Health and safety is an important part of everyday life for construction workers. Why? There are numerous regulations and rules put in place to keep workers as safe as possible. Unfortunately, this has not always been the case, and it is only in recent years that health and safety has really improved.
Early Health and Safety
During the Victorian era, being a construction worker was a particularly dangerous job, with many workers being seriously injured or even dying in during large construction projects. The construction of the Woodhead Tunnel was a turning point for health and safety. The tunnel was built between Manchester and Sheffield and took a total of six years to complete. It was finally finished in 1845, but during the project, 32 workers lost their lives in various accidents, and over 180 others were injured. Due to the unsanitary conditions on the site at the time, another 28 workers died due to outbreaks of cholera.
The number of incidents that occurred during this project resulted in a government enquiry. The result of the enquiry led to the creation of legislation that made construction companies responsible for the health, welfare and accommodation of workers.
The Late 20th Century
Despite this, there was very little change made in terms of health and safety regulations over the next 100 years, and it wasn’t until the 1970s that any real progress was made in this field. In 1974, 166 deaths caused by construction accidents were recorded, which accounted for more than a quarter of all workplace deaths. Because of this, the Health and Safety at Work Act of 1974 was passed into legislation. This legislation strengthened existing regulation, making employers more accountable for the safety and welfare of not only their employees but temporary workers, self-employed workers and the general public. Furthermore, it allowed the government to issue regulations, guidance and Approved Codes of Practice (ACOPs) for employers. These regulations set out detailed responsibilities for employers in every aspect of workplace health and safety.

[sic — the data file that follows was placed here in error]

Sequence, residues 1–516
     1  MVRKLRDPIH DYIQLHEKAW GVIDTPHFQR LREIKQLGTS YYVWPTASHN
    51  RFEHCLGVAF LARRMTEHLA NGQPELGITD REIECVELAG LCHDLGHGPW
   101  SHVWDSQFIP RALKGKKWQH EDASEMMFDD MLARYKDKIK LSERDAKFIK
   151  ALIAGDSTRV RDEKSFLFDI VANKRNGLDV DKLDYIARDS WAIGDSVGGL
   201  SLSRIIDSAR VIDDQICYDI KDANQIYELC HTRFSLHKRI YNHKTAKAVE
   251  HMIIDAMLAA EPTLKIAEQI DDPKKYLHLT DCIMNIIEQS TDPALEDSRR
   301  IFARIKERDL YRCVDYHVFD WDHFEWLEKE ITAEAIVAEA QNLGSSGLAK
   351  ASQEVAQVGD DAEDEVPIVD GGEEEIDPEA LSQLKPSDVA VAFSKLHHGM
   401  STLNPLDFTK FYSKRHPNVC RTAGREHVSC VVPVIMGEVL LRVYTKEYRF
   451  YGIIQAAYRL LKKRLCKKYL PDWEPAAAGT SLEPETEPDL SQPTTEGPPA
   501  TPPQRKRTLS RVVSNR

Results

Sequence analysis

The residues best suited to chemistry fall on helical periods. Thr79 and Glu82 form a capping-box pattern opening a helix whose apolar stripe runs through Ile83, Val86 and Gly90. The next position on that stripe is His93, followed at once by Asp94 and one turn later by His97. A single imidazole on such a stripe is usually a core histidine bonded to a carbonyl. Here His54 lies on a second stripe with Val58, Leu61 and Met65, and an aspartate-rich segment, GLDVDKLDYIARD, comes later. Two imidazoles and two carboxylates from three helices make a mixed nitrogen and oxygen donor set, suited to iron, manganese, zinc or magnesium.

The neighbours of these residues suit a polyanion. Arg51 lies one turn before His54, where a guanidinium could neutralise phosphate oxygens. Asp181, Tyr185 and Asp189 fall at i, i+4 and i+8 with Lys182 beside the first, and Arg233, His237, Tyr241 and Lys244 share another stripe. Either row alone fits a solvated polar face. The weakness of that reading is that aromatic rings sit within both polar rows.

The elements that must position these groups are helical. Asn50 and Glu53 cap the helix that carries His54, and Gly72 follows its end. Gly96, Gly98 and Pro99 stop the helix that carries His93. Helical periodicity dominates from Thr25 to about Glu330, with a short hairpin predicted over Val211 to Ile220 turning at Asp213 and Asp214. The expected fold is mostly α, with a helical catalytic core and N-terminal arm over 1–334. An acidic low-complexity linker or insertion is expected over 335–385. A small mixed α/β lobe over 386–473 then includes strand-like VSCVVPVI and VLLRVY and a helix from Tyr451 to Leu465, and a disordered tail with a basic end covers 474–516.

By 1981, recorded deaths of construction workers had decreased. But despite this, over 100 workers were still dying each year, and many more being injured. As the 1980s progressed, hardhats became enforced on many construction sites, and there were also campaigns against the use of old or unsafe tools.
As Britain moved into the 1990s, more health and safety equipment became available. For example, safety nets became more common for those working at height. Cherrypickers also became more accessible, making many aspects of construction work safer. In 1994, the Construction Design and Management Regulations (CDM) were introduced. This forced clients, designers and contractors to coordinate their approach to safety for the first time. The construction of the Channel Tunnel was also completed in 1994. This project employed over 13,000 people, and a total of 10 workers died during its construction. Although this was a vast improvement over previous projects, there was still room for improvement.
Health and Safety in the 21st Century
In the early 2000s, falls from height were still the largest cause of fatalities amongst construction workers. It wasn’t until 2005 that the Working at Height Regulations were introduced. This led to ladders being used as a “last resort”, and many other forms of safer equipment were used for elevation instead.
With the focus of the construction industry moving towards health and safety in all aspects – including training and planning – the number of accidents and fatalities has significantly reduced in the last 50 years. For example, 2,500 construction workers spent time working on the Olympic Park in London. Despite the 62 million hours worked, there were zero fatalities.
Although this was a great success for health and safety in construction, the accident rate in this instance was less than half of the industry average. Although there have been great improvements in health and safety, the scaffolding and construction industries are still amongst the most dangerous industries in the UK. More improvements need to be made to ensure the continued safety of workers on site.
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